On Sat, 09 Feb 2013 07:06:01 -0800, whoyakidding's ghost

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Because nobody has a fuel cell that will work on road gasoline yet without being poisoned.

No, the fuel cell requires a flammable fuel. It oxidizes the fuel using oxygen from air, and develops current directly from that oxidation.
The fuel cell can be designed to work on a variety of fuels. If you want to create water as your only byproduct, you have to use hydrogen which is a flammable gas (and a pain to work with even by flammable gas standards).
You can build a fuel cell that will run off methanol or ethanol, or off of propane. Since these fuels have carbon in them, your exhaust is now full of carbon compounds (hopefully carbon dioxide if you did it right). In general these designs also have a limited lifespan because they become clogged up with combustion by-products.
The holy grail right now is to build a fuel cell that can operate off of gasoline without becoming hopelessly clogged up after a short running time. The fuel cell gives you more efficient use of the fuel than an internal combustion engine, especially when you are not requiring peak output.
You can't run a fuel cell on nitrogen.... nitrogen combines with itself and it doesn't like to let go or combine with other things. If you ever see a compound that contains nitrogen, like nitromethane or nitrocellulose or trinotrotoluene, it's a compound that took a lot of energy to make and is apt to want to release that energy fast.

This is true, and it would seem that retrofitting a commercial fuel cell into a current hybrid vehicle would not be a huge job. The hard part would mostly be software.

In spite of the fact that fuel cells have been with us since NASA developed them for the Gemini program, we still don't have any that will run off a convenient fuel that we can already distribute. --scott
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"C'est un Nagra. C'est suisse, et tres, tres precis."

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Two things about your comments: 1) I get the impression that ethanol could/can be used as a fuel. It attracts water and requires a non-rusting tank to hold it but there are metals that can be used without a great deal of additional cost. We're doing it now for the E85 fuel. 2) Ethanol can/is being distrubed now though combined with gasoline. A different pecentage mixture, say 50/50 or something else, could be transported and distributed very much like diesel fuel...separate tank and pump. The existing tanks and trucks could be coated with a plastic material to prevent rusting. It could allow use of the same infrastructure. Again, what am I missing? R. Wink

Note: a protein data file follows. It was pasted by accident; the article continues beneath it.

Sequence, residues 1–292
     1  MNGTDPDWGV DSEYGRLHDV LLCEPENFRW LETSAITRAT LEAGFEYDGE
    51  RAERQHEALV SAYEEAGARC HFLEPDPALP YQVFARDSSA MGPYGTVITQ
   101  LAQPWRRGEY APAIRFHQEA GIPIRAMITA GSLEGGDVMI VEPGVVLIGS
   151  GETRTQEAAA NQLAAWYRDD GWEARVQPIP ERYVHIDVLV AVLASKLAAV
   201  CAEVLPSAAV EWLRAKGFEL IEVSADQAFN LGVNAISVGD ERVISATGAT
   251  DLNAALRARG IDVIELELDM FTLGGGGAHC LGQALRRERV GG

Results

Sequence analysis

On 9 Feb 2013 11:46:17 -0500, snipped-for-privacy@panix.com (Scott Dorsey) wrote:

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Nitrogen as a fuel for a fuel cell would be quite the trick. Liquid nitrogen as an energy stoage medium for a thewrmal expasion engine is a totally different system

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Try the BMW Active E. I got to drive one briefly a while ago and it was a very, very fun car by any standard.
Range is too limited for folks out here in the sticks, and charging is still a problem, but that's what you get with a new technology competing with one that already has an extensive and active infrastructure.

I agree, but then I'm still driving a carbureted car to work every day, because it still keeps running fine and remains fun to drive. That's a little part of the adoption problem right there: people don't replace their cars as often as they used to. --scott
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"C'est un Nagra. C'est suisse, et tres, tres precis."

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Do you really want to provoke the EPA into making generators meet car emission standards?
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On Sat, 9 Feb 2013 14:16:17 -0500, "Jim Wilkins"

The difference between a generator and a car is the generator runs at steady speed and relatively steady load, while a car does a lot of accelerating and decellerating and climbing hills etc - and needs to have almost instantaneous response.
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On Sat, 9 Feb 2013 11:45:26 -0800 (PST), jon_banquer